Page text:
A "Viking" doesn't exist anymore lol. Unless you think there are Scandinavians sailing on boats still pillaging European villages. It's just safer to name your team after a group of people that are currently dead, doesn't exist anymore, or you can't really point the finger at (like a Raider). 

    I'm saying some people might go to the extreme with this. Found this from an article on if people found the term Viking offensive: 

    "First of all, the Vikings were the first group of Europeans to attempt to reach and settle the New World. That effort would culminate, centuries later, in the journeys of Columbus and the subsequent extermination of Native Americans. Second, the Vikings symbol is an inaccurate depiction of the people of Minnesota, who are quite diverse–only about one-third are Scandinavian. Furthermore, “Viking” is also a stereotype of Minnesota’s Scandinavians, not all of whom are descended from Vikings, and few of whom are warlike plunderers with primitive weapons."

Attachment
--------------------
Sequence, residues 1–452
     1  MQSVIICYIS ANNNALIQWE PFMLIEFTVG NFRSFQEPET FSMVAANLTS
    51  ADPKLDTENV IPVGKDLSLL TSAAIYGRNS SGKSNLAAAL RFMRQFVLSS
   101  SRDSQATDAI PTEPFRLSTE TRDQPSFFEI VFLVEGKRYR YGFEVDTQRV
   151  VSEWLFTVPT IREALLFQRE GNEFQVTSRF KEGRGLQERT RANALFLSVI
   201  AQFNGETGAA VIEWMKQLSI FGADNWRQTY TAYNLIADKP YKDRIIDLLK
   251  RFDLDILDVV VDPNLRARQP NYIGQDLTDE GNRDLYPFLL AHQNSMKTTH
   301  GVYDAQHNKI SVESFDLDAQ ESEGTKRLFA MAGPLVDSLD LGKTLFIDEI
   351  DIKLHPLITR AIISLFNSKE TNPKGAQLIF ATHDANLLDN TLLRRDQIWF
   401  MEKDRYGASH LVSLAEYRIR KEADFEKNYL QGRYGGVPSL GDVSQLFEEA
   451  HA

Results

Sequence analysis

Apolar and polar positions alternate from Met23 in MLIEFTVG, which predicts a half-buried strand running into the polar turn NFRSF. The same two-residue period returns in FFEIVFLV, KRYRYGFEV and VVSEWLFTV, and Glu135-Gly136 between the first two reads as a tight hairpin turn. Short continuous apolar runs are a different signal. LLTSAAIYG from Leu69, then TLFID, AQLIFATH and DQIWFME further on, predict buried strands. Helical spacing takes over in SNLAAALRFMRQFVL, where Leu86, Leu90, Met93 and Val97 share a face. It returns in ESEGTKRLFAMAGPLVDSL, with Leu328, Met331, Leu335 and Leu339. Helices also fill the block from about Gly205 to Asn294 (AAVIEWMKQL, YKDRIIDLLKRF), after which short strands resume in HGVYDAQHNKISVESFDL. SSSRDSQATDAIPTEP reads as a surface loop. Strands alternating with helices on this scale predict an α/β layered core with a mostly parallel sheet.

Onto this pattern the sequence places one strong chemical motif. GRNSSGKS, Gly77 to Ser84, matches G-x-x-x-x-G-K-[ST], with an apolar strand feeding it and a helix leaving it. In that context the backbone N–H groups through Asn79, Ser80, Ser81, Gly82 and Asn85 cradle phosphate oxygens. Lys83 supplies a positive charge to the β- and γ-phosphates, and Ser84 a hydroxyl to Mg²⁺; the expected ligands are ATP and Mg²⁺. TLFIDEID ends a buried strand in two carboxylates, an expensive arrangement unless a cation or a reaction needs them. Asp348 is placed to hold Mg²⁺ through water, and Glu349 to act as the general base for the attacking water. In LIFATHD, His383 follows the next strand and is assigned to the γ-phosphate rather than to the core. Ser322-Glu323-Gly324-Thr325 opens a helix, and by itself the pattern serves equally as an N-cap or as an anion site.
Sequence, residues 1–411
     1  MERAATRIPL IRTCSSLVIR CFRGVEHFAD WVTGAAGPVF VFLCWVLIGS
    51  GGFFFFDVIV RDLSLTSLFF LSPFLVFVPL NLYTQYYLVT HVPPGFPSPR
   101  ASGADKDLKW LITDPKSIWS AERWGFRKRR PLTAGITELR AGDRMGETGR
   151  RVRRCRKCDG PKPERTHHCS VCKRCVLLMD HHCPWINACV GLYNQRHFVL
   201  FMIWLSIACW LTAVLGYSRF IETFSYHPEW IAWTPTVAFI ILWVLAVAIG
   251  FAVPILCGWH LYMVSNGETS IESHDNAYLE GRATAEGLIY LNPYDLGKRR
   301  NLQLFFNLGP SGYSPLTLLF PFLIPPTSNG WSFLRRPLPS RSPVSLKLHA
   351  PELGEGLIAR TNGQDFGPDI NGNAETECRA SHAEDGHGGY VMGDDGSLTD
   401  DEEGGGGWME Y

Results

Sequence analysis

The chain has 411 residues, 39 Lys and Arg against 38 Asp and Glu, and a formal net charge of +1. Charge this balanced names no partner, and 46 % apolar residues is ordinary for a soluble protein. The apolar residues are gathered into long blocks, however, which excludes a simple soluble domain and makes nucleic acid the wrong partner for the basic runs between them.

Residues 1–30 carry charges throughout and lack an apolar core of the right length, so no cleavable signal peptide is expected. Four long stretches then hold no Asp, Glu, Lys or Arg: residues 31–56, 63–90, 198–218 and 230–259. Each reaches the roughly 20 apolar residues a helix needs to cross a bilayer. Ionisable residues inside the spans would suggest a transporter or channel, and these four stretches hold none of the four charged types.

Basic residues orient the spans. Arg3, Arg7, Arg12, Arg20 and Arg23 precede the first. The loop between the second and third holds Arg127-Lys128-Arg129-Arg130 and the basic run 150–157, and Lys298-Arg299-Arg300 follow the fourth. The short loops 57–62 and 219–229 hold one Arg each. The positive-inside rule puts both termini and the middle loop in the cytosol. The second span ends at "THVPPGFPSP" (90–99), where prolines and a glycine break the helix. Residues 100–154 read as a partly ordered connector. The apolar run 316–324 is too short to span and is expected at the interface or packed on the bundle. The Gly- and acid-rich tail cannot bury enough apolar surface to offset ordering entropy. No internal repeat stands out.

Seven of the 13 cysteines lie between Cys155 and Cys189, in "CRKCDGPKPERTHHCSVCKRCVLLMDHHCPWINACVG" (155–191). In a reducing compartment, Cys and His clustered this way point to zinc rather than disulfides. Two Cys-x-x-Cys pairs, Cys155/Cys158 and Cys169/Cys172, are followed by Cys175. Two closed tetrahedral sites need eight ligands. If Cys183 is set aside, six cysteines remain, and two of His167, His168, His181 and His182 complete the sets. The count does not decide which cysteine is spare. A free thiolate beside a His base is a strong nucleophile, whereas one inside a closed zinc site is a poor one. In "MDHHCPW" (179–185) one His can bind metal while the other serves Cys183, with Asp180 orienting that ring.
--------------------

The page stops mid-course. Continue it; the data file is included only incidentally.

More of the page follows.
It's a dumb argument that might not have anything to back it up, but will live in a society now where that appears to be irrelevant and as long as enough people complain loudly enough.

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  7. The Skins are just the tip of the spear (pardon the pun). Once they are forced to change, KC will be next as the argument will be made that appropriating the culture into fandom with the feathers and chop is also too offensive. Cleveland Indians and Chicago Blackhawks will go the same route as the Chiefs. Then who knows how far this thing will go. Will the Vikings be deemed offensive by enough Scandinavian people to bring about a debate? Will Notre Dame Fighting Irish piss off the wrong person? Will the Giants be forced to change because it offends people with acromegaly? Will the PETA people rise up and demand any team with an animal mascot change?

     

    Or people could just grow up and realize that teams are named after people/things that are admired.  

    • Like 2